Advertising

The Seattle Times Company

NWjobs | NWautos | NWhomes | NWsource | Free Classifieds | seattletimes.com

Politics & Government


Our network sites seattletimes.com | Advanced

Originally published Friday, November 6, 2009 at 3:00 PM

Comments (0)     E-mail E-mail article      Print Print      Share Share

Lawmakers' briefing causes confusion on wounded

A pair of military briefings to members of Congress about the Fort Hood rampage resulted in confusion and conflicting information late Friday on the number of wounded.

The Associated Press

WASHINGTON —

A pair of military briefings to members of Congress about the Fort Hood rampage resulted in confusion and conflicting information late Friday on the number of wounded.

Two congressmen and a senator said they had been told the number of wounded had risen to 38, or eight more than had been publicly reported by the military. But a fourth lawmaker, who had been among those briefed, said the 38 figure included some that had been hospitalized for stress, and had not been shot.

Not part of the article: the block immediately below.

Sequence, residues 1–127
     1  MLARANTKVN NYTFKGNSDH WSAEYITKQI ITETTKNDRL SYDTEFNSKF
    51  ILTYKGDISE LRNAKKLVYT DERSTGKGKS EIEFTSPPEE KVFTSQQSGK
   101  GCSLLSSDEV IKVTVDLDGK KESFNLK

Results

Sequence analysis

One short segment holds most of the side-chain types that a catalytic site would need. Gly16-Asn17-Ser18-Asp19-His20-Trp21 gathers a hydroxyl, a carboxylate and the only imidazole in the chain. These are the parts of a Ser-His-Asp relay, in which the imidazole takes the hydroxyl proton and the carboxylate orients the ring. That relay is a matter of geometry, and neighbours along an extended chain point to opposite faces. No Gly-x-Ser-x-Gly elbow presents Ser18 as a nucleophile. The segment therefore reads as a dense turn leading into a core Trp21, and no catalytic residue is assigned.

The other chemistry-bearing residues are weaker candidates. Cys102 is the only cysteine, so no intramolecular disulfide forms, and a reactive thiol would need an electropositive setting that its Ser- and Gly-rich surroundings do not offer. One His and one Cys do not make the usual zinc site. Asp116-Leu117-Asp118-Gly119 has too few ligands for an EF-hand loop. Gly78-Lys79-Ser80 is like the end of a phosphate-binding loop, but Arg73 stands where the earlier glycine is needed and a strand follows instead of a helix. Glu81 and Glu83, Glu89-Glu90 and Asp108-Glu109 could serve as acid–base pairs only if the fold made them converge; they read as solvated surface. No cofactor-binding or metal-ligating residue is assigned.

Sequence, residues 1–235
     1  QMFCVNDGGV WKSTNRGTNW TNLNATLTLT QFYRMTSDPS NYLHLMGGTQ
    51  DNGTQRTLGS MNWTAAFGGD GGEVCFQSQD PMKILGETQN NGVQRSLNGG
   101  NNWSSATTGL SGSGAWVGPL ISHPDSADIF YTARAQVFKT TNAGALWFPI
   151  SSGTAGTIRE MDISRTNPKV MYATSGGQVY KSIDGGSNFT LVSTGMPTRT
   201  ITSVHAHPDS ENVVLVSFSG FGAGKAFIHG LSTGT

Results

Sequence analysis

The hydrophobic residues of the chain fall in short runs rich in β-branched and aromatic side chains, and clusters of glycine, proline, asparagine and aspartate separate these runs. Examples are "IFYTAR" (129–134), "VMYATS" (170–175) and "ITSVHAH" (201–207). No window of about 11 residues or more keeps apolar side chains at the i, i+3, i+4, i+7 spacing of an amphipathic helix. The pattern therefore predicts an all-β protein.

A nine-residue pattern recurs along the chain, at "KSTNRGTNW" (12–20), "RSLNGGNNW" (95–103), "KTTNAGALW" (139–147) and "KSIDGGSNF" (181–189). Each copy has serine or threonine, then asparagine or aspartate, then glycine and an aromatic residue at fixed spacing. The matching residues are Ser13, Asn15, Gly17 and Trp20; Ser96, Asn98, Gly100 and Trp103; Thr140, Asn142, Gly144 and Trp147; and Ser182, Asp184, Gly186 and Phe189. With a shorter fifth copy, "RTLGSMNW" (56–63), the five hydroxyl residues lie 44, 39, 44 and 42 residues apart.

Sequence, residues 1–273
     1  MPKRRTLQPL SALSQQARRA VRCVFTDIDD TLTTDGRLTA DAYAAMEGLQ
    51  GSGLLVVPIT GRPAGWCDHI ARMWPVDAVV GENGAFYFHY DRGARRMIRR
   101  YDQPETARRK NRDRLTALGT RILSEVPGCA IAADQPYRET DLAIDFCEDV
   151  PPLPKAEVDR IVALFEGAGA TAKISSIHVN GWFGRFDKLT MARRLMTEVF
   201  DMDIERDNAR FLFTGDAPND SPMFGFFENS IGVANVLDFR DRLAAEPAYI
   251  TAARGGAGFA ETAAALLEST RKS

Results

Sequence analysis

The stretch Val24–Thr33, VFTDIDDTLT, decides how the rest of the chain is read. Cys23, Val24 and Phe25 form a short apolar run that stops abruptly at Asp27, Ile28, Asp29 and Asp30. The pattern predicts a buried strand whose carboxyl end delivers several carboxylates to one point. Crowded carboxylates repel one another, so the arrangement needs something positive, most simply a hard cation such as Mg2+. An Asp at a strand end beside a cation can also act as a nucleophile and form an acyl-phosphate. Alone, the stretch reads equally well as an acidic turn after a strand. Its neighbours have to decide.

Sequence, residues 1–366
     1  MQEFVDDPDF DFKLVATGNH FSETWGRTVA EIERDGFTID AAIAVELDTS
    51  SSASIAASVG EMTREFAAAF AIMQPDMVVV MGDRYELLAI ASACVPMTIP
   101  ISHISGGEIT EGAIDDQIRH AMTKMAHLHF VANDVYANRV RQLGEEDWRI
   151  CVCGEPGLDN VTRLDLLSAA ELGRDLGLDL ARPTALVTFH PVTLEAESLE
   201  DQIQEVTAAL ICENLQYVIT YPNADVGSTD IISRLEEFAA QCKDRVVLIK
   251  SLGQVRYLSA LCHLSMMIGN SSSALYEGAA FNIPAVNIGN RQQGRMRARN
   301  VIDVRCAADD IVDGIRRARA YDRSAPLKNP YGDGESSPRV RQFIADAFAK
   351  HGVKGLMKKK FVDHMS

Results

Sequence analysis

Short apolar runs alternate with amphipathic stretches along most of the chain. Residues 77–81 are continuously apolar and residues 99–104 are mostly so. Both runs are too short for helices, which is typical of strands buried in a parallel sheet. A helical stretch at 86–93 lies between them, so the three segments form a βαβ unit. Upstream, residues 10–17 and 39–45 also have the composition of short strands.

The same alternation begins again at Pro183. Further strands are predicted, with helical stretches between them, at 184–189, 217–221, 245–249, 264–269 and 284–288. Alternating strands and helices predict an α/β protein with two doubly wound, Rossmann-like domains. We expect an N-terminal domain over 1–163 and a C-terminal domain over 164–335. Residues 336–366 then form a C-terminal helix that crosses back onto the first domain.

In addition to the 30 wounded in the shootings, lawmakers were told that eight additional people were taken to the hospital to be treated for stress and trauma in the hours immediately following the event, said Lindsey Mask, a spokeswoman for Rep. Buck McKeon, R-Calif.

Sen. Mark Udall, D-Colo., and Reps. Solomon Ortiz and Mike McCaul, both of Texas, said they understood the briefers to say the "wounded" had totaled 38. Thirteen people were killed in Thursday's attack at the Texas Army post.

Senators and House members had been briefed separately by Maj. Gen. James Huggins, director of Army operations and readiness, and Army Undersecretary Joseph Westphal.

Fort Hood reiterated that 30 people were wounded.

E-mail E-mail article      Print Print      Share Share

More Politics

Others states' fights bring focus to Daniels

NEW - 07:13 AM
South Carolina Gov. Nikki Haley is writing memoir

Bill would make jail mug shots available

Immigration, license bill voted down in state Senate

Rival Texas bills require sonograms before abortions

More Politics headlines...

Comments
No comments have been posted to this article.

advertising


Get home delivery today!

Video

Advertising

AP Video

Entertainment | Top Video | World | Offbeat Video | Sci-Tech

Marketplace

Advertising